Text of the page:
In which we present a regular round-up of news from the world of Grown-up Travel
Robert Mugabe asked to be UN ‘leader for tourism’
The Zimbabwe president, accused of ethnic cleansing and bankrupting his country, asked to champion tourism.
With a line-up that includes Drew Barrymore, David Beckham, Orlando Bloom, and Ricky Martin, the UN’s choice of ambassadors has been known to cause raised eyebrows or the odd smirk.
Seldom, however, has there been such anger, or questioning of the organisation’s credibility, as that greeting the appointment of a new international envoy for tourism: Robert Mugabe.
Improbable as it seems, the Zimbabwean president, who is widely accused of ethnic cleansing, rigging elections, terrorising opposition, controlling media and presiding over a collapsed economy, has been endorsed as a champion of efforts to boost global holidaymaking.
Despite that fact Mugabe, 88, is under a travel ban, he has been honoured as a “leader for tourism” by the UN’s World Tourism Organisation, along with his political ally, Zambian president Michael Sata, 75. The pair signed an agreement with UNWTO secretary general Taleb Rifai at their shared border at Victoria Falls on Tuesday.
Zimbabwe’s state-owned Herald newspaper quoted Rifai urging tourists from around the world to visit : “I was told about the wonderful experience and the warm hospitality of this country … By coming here, it is recognition, an endorsement on the country that it is a safe destination.”
The agreement will also see the two southern African countries co-host the UNWTO general assembly in August next year.
UNWTO said it had not appointed Mugabe to any formal position but acknowledged he would receive an open letter like other heads of state who have joined its leaders for tourism campaign.
The development has stunned human rights campaigners and political opponents, who regard Mugabe as a tyrant.
Kumbi Muchemwa, a spokesman for the Movement for Democratic Change (MDC), said: “I can’t see any justification for the man being an ‘ambassador’. An ambassador for what? The man has blood on his hands. Do they want tourists to see those bloody hands?”
Meanwhile, British MP Kate Hoey, chair of the all-party parliamentary group on Zimbabwe, said: “It is an absolute scandal – and an affront to the people of Zimbabwe, who didn’t vote for Mugabe as their president but had him imposed because he used violence and the armed forces to hang onto power in defiance of the democratic will of the people of Zimbabwe.
“For a man who has destroyed his country’s infrastructure and cynically engineered hunger to be an ‘ambassador’ for tourism is disgraceful – particularly as he has been personally responsible for the downward spiral of the economy and destroyed the hotel, travel and tourism industry in the process.”
Mugabe and his allies are subject to EU and US sanctions preventing them from travelling to EU countries including Britain, although he does attend the UN general assembly in New York.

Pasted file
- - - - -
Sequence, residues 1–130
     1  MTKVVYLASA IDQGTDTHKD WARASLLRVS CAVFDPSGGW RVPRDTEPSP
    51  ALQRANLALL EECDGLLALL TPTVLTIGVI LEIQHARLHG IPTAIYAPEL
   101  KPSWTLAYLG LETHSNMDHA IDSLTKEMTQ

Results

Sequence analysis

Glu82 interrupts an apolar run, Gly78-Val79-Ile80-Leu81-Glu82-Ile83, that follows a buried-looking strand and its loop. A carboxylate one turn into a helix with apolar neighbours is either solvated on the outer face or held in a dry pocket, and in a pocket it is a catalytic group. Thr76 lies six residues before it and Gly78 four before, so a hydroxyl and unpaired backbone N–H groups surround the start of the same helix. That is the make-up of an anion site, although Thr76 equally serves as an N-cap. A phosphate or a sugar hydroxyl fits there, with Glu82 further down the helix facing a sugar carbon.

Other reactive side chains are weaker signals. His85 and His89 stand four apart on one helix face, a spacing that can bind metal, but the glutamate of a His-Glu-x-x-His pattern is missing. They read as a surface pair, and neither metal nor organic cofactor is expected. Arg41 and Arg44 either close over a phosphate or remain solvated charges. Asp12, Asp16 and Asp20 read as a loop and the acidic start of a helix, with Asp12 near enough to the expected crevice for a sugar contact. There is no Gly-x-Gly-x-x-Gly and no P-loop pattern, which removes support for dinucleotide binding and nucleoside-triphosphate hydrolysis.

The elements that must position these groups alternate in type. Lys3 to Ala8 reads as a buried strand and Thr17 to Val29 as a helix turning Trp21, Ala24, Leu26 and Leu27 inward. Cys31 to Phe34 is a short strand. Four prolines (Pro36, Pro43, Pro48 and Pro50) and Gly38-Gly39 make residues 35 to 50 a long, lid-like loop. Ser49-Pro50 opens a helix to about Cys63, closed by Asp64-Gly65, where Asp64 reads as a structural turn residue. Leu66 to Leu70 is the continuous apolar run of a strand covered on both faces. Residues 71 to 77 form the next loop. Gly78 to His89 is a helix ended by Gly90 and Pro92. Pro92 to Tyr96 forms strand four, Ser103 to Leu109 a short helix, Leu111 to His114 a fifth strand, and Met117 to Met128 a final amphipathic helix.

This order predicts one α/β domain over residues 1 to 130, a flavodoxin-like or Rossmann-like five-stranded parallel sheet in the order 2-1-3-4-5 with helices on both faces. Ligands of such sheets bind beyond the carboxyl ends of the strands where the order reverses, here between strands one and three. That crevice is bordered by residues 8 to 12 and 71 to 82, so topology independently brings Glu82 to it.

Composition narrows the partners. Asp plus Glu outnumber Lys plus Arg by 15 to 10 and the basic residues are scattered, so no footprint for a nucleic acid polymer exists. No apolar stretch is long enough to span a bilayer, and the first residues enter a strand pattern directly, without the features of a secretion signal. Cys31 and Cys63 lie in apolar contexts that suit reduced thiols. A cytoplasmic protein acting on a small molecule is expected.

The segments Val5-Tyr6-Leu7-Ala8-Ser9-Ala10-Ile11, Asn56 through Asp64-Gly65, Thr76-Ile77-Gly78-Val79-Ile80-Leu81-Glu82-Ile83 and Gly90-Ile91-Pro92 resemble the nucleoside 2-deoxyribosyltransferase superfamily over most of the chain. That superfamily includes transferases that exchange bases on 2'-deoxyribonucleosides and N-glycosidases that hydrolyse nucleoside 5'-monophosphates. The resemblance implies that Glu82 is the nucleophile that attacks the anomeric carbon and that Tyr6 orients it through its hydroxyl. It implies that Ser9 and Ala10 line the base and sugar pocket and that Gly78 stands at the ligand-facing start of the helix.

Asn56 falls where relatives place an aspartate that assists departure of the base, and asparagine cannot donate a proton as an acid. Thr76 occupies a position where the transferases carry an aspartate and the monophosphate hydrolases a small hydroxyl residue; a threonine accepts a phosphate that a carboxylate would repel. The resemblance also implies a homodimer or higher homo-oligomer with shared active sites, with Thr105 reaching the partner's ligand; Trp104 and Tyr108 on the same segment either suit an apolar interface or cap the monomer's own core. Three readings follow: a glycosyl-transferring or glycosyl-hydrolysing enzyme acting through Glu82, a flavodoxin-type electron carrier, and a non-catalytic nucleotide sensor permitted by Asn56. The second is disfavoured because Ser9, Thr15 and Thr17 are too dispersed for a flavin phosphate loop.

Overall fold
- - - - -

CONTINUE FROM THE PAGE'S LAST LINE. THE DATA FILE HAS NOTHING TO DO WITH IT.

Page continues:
Muchemwa added: “Robert Mugabe is under international sanctions, so how do you have an international tourism ambassador who can’t travel to other countries?
Passengers could be put at risk by EU plans to lengthen pilots’ hours
Passengers could be put at risk by European plans to lengthen pilots’ working hours, MPs have warned.
But the changes drawn up by the European Aviation Safety Agency would water down rules in Britain which are among the strictest in the European Union.
EASA, which has come under pressure to ease restrictions and impose a level playing field across all 27 members of the EU, has drafted proposals which would lengthen working hours.
But in a report published today the Transport Select Committee has voiced horror at the proposals, noting that there is a link between long duty hours and an increased risk of accidents.
“A lowest common denominator approach to flight time limitations will benefit neither passengers, airlines nor crew,” the MPs have said.
One of the changes would mean that a pilot could be at the controls of an aircraft 22 hours after getting up.
“This is an extraordinary figure considering that even 17 hours of sustained wakefulness can produce performance deficits equivalent to that displayed when drunk,” the report adds.
“Given that 43% of pilots report involuntarily falling asleep whilst working under the current regulatory regime, there is a clear risk that these proposals will invite further fatigue amongst aircrew.
According to evidence presented to the Committee by the British Airlines Pilots Association the proposals would increase the number of hours a pilot could spend at work from 16 hours 15 minutes a day to 20 hours.
Other changes, Balpa said, would increase the maximum shift time for a long haul flight with two pilots from 12 to 14 hours.
This change would spare airlines the expense of having to pay for a third pilot on the flight deck for long haul flights to destinations such as Los Angeles.
The EASA proposals would also increase the workload on short-haul pilots who perform several take-offs and landings a day.
Proposed changes would only see the daily flight time reduced after the third take off of the day which, pilots say, flies in the face of scientific evidence of the dangers of fatigue brought on by performing the manoeuvres several times a day.
The Committee has called for sweeping changes to the proposals before they are adopted.
“I am very concerned,” said Louise Ellman, the committee’s chairman. “Britain has a very good safety record and there is now a risk it will be put in jeopardy.
A to Z of Queen Elizabeth II’s diamond jubilee
Queen Elizabeth II’s diamond jubilee celebrations in Britain, from A to Z:
A FOR ANNIVERSARY: Britons will enjoy a four-day public holiday long weekend from June 2-5 to mark the 60th anniversary of the accession of Queen Elizabeth who is now 86.